Fifth Station – Feet

For the past five week we have been walking, in a virtual way, around the Lent art installation in Southwark Cathedral.  The pieces, all by the artist Peter Burke, are made from soil – hence the title we gave them, ‘Earthworks’. I liked that title when it was suggested because it described the pieces but it also took us into the possibility of theological reflection and that is the real point for me. Lent is a time for going deeper, into God, into self, into discipleship and whether it’s through some self imposed discipline, or a study group or reading a Lent book or doing good works or just (and that is no value judgement) looking at art, all these things help us in that aim.

But the title worked on another level for me as well.  All around Southwark Cathedral there are development and redevelopment sites.  The most dramatic have been around the Shard and London Bridge Station but there are many significant building sites a stones throw from the Cathedral. As a lad I often went out with my dad on a Saturday.  He was in Building Control but at the weekends was a part-time architect.  We’d often go and inspect the progress on a building site.  The first stage is of course the ground works, or, lets call them, the earthworks.  Getting those right was essential for what was going to be built above.  Vast and deep caverns are opened up in the ground to take the buildings around the Cathedral and much is exposed as that happens.  In Borough High Street we’ve seen in recent months the foundations of inns from the time of Chaucer, Roman bath complexes, a renaissance palace, all exposed.  Digging down produces treasure and helps us build – and that must be part of Lent.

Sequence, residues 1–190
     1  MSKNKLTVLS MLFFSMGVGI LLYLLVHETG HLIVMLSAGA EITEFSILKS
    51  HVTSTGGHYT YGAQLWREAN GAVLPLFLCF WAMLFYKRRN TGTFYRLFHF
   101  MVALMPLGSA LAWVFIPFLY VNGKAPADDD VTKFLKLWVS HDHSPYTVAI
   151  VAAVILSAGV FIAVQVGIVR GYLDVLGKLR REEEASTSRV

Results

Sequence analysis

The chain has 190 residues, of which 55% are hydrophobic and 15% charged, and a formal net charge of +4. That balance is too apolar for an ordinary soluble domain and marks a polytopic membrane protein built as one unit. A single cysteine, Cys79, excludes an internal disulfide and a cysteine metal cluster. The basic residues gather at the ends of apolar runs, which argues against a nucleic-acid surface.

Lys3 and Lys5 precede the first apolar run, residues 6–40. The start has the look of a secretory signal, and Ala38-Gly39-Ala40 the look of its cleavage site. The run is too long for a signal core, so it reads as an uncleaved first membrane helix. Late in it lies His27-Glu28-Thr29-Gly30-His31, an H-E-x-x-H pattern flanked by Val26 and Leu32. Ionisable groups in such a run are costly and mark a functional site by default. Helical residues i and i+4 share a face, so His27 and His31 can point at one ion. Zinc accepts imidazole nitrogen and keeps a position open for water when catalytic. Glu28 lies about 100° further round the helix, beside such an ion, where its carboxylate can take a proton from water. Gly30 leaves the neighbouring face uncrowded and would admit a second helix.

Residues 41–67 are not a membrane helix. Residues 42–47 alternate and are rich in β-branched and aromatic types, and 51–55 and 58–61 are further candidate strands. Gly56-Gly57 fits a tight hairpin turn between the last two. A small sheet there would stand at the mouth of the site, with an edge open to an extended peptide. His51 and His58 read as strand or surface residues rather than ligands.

Digging beneath London Bridge Station


The final station on our ‘Earthworks’ journey is at the High Altar where we find an incomplete circle of feet.  They emerge and disappear beneath the altar, an ongoing and mysterious circle.  Our virtual feet have brought us to this point and now we look at these feet.

‘Go, tell his disciples and Peter that he is going ahead of you to Galilee; there you will see him, just as he told you.’ (Mark 16.7)

Where are these feet heading? Where are your feet taking you? What journey are they on? What journey are you on?

One of the powerful themes throughout the Bible is that of the journey. We are a pilgrim people, people on the move, ‘with no abiding city’ (Hebrews 13.14). Our father Abraham travelled, Moses and the children of Israel travelled, the exiles to Babylon travelled back to their land of freedom, Jesus spent his ministry on the road. After his resurrection he is on the move again and goes ahead of the disciples, messaging them to follow him.


You have travelled round this Cathedral, stopping, looking, thinking, praying and now you arrive at these mysterious feet. We see most of the journey – but not all of it. It seems to disappear, beneath the altar, out of our sight, out of your sight, and we are left wondering – where are these feet heading, what journey are they on and where am I heading?

The truth for each of us is that, whilst we may not know the details of the journey, we never travel alone as none of our forebears did. Our God treads this earth from which we were made, accompanies, companions us on the road and pioneers the path ahead.


Wherever you go from here – God will go with you – as will this ancient Celtic blessing.

May the road rise up to meet you.
May the wind be always at your back.
May the sun shine warm upon your face;
the rains fall soft upon your fields and until we meet again,
may God hold you in the palm of His hand.

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